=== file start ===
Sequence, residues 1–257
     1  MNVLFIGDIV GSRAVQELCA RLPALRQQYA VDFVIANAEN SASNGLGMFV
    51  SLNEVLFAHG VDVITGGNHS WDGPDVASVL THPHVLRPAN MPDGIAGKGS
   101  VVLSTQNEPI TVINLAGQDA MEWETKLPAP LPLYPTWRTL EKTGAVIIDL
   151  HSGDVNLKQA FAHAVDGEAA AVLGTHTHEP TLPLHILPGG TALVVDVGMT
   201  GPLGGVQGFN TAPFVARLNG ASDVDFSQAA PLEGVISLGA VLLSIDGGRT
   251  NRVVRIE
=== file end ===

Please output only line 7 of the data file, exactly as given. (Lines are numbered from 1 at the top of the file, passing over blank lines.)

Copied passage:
   251  NRVVRIE